Finding Affordable Child Care Has Never Been Harder

Photo: Koh Sze Kiat/Getty Images/iStockphoto

The first time I dropped my daughter off at day care, I couldn’t think straight. After spending the months after her birth caring for her around the clock, I felt like I had suddenly abandoned her. What I didn’t expect was how quickly I would come to love it. My days were no longer an endless slog of feeding and trying to get the baby to stop crying. I started to recognize myself again and actually look forward to the time I spent with my daughter. It wasn’t totally clear what she did all day, but she seemed happy enough when we picked her up.

Of course, that child care, which allowed me to do my job, came at a cost: $16,500 a year. It turns out that’s actually cheap. According to the Treasury Department, child care is unaffordable for more than 60 percent of families who need it. Parents I spoke to in recent months reported spending anywhere between $15,000 to $25,000 a year to send a kid to day care — and far more if they have multiple children. In much of the country, day care costs more than in-state college tuition. Many families spend more on child care than they do on rent.

America’s child-care infrastructure was broken before the pandemic, but the past few years have pushed it to the brink. Now, as more employers expect workers back in the office, a perfect storm of day-care closures, staffing shortages, and inflation have made finding affordable child care harder than ever. Since the end of 2019, nearly 16,000 child-care facilities have shut down permanently and 100,000 workers have left the industry for better-paying jobs. Centers that have managed to stay open are struggling to retain staff and make ends meet as costs rise with inflation. The result is a disaster for just about everyone. Exorbitant prices for parents still translate to poverty wages for workers, since caring for young children is laborious and regulations require low caregiver-to-child ratios. There also aren’t nearly enough spots; Vox reports that day-care wait lists in several states are currently in the tens of thousands.

By now, it’s clear what happens when parents can’t find reliable, affordable child care. Millions of women lost or left their jobs at the height of the pandemic; there are still 808,000 fewer women in the labor force than February 2020. Child-care shortages have made it particularly challenging for women without college degrees to work. More often than not, the mothers I talked to for this story told me that the cost and difficulty of finding child care had made them consider leaving their job.

These days, it’s common to get on the wait list for day care when you’re still pregnant. Even so, one mother I talked to in Pittsburgh had to wait nearly two years for a spot at the day care where she wanted to send her daughter. When she had to go back to her job as a software engineer, she felt like the only option was to enroll at a lower-quality facility while waiting to get into the one she really wanted. “It was a very small room with a kind of sad playground, and there was really high teacher turnover,” she says. She was so unhappy with the arrangement that when she got laid off, she decided to stay home for six months until they got off the wait list. Another mother in San Diego told me about a friend who was already paying close to $2,600 a month to hold a spot for her child who wasn’t even born yet.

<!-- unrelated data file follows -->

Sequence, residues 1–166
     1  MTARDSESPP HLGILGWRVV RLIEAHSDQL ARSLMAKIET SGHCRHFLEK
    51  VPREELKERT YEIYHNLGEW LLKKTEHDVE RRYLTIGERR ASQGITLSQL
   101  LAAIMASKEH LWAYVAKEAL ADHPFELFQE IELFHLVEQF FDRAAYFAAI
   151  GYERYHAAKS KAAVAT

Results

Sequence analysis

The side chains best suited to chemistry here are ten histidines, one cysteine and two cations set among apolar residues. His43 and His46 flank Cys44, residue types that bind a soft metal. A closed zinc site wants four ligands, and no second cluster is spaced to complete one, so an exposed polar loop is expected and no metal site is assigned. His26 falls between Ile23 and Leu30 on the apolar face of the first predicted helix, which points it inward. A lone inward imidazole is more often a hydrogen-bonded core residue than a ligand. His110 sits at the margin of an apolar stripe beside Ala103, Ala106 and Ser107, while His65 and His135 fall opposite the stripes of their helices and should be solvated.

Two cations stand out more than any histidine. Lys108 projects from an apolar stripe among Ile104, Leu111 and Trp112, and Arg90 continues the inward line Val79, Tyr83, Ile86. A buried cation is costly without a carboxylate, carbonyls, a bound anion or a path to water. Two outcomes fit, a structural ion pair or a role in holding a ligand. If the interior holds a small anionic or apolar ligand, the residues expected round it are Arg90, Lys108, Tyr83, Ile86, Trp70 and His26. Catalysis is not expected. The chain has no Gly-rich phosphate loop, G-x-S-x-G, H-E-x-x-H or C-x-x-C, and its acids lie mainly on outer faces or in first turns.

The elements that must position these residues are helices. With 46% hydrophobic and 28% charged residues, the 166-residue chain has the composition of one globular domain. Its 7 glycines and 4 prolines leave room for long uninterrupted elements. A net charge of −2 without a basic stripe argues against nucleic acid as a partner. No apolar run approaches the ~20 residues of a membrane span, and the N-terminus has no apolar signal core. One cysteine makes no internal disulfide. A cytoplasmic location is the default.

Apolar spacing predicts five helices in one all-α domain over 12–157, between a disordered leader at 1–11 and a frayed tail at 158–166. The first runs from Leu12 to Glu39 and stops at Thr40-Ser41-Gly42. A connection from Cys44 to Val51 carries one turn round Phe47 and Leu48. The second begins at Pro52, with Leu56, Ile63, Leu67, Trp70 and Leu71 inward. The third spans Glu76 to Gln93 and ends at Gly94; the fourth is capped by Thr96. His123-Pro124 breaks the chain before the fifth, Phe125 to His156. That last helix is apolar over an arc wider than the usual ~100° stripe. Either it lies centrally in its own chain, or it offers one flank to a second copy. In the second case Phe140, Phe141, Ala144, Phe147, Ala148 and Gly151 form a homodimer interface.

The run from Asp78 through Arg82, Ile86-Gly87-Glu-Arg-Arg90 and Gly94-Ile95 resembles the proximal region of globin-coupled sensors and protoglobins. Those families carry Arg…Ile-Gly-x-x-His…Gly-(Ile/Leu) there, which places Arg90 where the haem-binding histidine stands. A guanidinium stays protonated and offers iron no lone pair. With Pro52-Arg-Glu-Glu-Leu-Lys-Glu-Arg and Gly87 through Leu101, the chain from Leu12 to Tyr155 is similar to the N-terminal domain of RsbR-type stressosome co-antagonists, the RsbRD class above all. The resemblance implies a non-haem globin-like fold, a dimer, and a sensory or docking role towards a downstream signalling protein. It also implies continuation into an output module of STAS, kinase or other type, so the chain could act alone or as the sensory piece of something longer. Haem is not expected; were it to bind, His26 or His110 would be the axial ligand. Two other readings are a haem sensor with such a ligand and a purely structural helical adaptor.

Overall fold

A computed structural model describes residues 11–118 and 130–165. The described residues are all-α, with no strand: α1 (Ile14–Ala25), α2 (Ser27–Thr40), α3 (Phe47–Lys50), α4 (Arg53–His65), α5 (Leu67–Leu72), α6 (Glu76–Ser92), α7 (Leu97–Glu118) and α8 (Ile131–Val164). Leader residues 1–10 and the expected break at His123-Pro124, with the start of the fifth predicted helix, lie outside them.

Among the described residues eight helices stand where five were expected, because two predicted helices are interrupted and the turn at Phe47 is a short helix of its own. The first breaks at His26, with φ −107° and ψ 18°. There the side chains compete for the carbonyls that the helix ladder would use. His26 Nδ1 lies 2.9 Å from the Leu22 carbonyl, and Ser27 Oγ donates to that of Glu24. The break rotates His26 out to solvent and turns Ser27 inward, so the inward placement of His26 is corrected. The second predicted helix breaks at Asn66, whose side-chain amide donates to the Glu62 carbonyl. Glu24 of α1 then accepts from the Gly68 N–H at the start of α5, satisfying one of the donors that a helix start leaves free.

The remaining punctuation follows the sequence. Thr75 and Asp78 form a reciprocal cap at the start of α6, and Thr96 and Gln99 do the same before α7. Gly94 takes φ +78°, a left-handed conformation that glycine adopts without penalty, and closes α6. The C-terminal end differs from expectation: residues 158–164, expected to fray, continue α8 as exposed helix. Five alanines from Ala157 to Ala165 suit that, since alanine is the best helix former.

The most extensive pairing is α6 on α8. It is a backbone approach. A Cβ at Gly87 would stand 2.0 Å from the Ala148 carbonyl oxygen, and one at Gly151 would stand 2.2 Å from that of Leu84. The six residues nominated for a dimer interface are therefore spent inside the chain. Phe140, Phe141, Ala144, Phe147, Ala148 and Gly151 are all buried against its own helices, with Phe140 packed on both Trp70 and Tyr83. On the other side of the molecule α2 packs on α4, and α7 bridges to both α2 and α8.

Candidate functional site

Meanwhile, prices continue to rise with inflation. One mother who lives outside of D.C. was recently informed that day-care tuition for each of her kids would be going up by about $100 a month. For a 4-year-old and a 1-year-old, the bill comes out to more than $41,000 a year. A mom in upstate New York said she’s been paying her nanny an extra $30 a week to help cover rising gas prices. At $20 an hour, the cost of full-time care is nearly $45,000 a year, which is 60 percent of her salary as an advertising copywriter. “When I told my sister how much I was paying, she was like, ‘Are you kidding me? How do you afford that?’ I was like, ‘I don’t. I’m living paycheck to paycheck.’”

For Michelle, paying $1,600 a month for her daughter to go to day care was more than her mortgage in Denver. “When I got back from maternity leave, I literally went to my supervisor and said, ‘What do I need to do to get promoted?’ My husband started taking on side gigs. We both really hustled.” Michelle and her husband decided they could only afford to have one more child — and then they got pregnant with twins. “After I found out, I didn’t sleep for like, five nights,” she says.

Michelle is an immigration specialist and also the primary breadwinner in their family. If anyone was going to quit to provide child care, it would be her husband, but she wasn’t sure she wanted that either. “I feel blessed that we have a very egalitarian marriage,” she says, and she worried how either parent leaving the workforce would impact that dynamic. “Right now, it feels like we both go to work and come home and we’re on an equal playing field.” For now, Michelle and her husband are getting help from their families to foot their day-care bill, which is more than $51,000 a year for three kids. She’s counting down the days until they turn 5 and can attend public school — though even then, many parents still find themselves paying for after-school care and summer camps.

Many mothers I spoke to were unconvinced that the trade-offs they had to make to keep working were worth it. “I really struggle with the fact that my entire salary pretty much goes to day care,” said one mother who works in client services and pays $875 a week to send her two kids to day care in Chicago. “I’m not a teacher. I don’t think I have the capacity to keep my kids engaged and learning all day. But then I have days where I’m drowning in work. There are a lot of moments where I’m like, Why am I basically working so that my kids can go to day care, when I don’t have a ton of passion for what I’m doing?